On a boat, the anchoring equipment consists of the anchor, chain and line. Anchoring your boat securely is one of the most basic skills necessary in boat handling. Once you learn to set an anchor correctly, with control and confidence, you can sleep easier. Anchoring poorly endangers not only your boat, but also the other boats anchored nearby.

Isn’t this the same with life? An interesting thing about the anchor is that it is there, ready to be used; but if it is not attached to a chain and line and then connected to the boat, it cannot do its job of giving support, security and stability.

Six ways to stay firmly attached

So what is the purpose of the chain? A chain should be a minimum of 6 feet long and, of course, for a large ship it should be much longer. Why a chain? It is more durable than a rope and it prevents the anchor line from rubbing against rocks or debris and being cut loose. It also helps the anchor stay in the proper position on the ocean floor, so it will hold to its maximum.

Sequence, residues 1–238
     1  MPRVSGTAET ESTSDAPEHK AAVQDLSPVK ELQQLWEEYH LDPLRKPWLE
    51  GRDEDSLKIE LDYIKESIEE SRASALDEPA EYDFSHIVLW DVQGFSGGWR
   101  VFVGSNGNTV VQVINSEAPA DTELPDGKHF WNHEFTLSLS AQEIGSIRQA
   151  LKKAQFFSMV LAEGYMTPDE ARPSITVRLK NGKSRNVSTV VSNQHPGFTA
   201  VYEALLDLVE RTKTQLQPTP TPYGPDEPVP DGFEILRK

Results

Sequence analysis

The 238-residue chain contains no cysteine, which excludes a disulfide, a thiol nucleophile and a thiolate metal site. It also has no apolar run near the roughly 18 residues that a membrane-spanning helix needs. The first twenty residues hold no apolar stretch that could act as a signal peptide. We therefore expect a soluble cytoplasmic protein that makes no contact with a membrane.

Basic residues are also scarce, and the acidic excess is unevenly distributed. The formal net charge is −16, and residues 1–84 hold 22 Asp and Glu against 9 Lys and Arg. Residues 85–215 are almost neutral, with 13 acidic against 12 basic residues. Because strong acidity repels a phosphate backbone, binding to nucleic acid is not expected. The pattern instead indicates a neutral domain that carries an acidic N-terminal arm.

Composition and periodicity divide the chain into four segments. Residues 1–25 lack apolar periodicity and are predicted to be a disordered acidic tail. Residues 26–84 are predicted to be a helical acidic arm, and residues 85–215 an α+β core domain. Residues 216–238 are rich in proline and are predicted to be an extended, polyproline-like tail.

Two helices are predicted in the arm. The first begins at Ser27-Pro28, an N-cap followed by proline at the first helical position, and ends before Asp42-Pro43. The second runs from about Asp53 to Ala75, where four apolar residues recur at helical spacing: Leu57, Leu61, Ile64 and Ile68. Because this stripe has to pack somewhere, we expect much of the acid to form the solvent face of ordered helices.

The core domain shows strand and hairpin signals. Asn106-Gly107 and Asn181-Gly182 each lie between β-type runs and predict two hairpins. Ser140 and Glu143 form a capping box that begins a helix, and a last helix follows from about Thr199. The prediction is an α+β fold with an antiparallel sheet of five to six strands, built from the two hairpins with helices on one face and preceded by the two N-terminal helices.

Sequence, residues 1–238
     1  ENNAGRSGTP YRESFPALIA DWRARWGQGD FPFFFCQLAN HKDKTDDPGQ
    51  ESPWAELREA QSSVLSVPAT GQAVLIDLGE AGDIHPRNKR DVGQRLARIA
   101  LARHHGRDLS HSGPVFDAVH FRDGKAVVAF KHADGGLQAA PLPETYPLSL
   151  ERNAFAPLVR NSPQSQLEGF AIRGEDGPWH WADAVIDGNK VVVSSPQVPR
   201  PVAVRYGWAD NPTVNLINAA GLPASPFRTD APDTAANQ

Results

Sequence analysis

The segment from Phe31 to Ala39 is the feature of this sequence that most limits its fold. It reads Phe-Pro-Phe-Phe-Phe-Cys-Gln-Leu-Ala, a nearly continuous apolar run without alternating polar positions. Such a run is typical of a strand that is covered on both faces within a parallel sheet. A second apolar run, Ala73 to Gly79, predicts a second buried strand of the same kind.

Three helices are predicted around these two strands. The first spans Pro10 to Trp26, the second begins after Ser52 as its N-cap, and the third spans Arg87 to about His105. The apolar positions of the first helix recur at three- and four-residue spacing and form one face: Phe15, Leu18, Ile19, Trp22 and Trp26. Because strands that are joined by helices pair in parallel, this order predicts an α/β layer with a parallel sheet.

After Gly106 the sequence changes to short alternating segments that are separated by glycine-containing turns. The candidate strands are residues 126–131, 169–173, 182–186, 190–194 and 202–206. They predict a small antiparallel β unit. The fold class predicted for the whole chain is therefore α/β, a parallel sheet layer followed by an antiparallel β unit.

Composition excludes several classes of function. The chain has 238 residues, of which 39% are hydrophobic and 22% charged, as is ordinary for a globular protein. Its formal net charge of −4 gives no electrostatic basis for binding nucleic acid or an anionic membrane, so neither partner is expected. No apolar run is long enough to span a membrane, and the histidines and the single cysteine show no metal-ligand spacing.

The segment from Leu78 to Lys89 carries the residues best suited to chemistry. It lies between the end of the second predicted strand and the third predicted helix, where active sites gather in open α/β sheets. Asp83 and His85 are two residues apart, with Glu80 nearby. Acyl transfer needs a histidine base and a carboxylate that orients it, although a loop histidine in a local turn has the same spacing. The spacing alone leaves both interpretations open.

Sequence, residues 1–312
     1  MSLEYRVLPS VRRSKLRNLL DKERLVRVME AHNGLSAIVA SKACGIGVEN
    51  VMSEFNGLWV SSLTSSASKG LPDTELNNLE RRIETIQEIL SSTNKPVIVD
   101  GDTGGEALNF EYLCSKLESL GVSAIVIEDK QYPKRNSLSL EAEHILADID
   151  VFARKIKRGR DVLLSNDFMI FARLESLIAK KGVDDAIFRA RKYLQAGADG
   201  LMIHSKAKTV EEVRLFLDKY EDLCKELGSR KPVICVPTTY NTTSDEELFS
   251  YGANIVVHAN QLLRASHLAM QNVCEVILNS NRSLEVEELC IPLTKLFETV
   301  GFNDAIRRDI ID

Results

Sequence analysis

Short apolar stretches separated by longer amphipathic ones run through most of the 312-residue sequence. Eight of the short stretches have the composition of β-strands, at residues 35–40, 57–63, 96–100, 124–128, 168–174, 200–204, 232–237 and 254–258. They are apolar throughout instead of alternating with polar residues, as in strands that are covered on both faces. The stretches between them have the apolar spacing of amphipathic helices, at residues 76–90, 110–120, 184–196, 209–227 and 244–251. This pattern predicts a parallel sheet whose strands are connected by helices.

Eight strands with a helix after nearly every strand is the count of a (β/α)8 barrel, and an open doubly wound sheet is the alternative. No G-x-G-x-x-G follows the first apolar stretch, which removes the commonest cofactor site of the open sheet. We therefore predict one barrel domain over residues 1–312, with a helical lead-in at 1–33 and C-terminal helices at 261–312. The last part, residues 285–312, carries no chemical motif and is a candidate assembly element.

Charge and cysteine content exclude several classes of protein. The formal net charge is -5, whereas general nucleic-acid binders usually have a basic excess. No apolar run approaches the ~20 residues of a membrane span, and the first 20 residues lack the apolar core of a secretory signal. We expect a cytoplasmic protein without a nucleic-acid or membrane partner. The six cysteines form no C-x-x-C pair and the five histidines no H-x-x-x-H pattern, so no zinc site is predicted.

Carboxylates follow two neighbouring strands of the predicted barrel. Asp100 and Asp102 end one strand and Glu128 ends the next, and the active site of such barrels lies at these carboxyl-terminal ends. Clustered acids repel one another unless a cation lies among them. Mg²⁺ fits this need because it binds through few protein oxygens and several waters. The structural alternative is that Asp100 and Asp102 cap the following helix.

What of the chain that attaches us to our spiritual anchor? Because an anchor chain is a minimum of 6 feet long, I will give six ways we personally can stay firmly attached to the anchor. These include prayer, fasting, meditation, Bible study, congregational fellowship and faith.

1. The first link in the chain is prayer.

We all know we are to pray on a daily basis. Prayer is the wonderful opportunity to talk to our Creator God. Think of prayer as a muscle; the more you pray, the stronger it gets.

I like what Paul says in 1 Timothy 2:1 1 Timothy 2:1I exhort therefore, that, first of all, supplications, prayers, intercessions, and giving of thanks, be made for all men;
American King James Version×
. We are urged to make requests, prayers, intercession and thanksgiving for everyone! He even goes on to mention kings and those in authority.

And who was in authority at that time? The notorious emperor Nero. So besides our family, friends, congregations and those on so many prayer lists, we must remember the leaders of the nations.

2. The second link is fasting.

The main purpose for fasting is to draw near to God. It is certainly very difficult, but it is a tool that should be used more often than just on the Day of Atonement. Fasting pleases God as it shows how sincere we are in seeking Him. Besides drawing closer to God in order to gain His mind and perspective, we should fast when we need to make changes in our lives.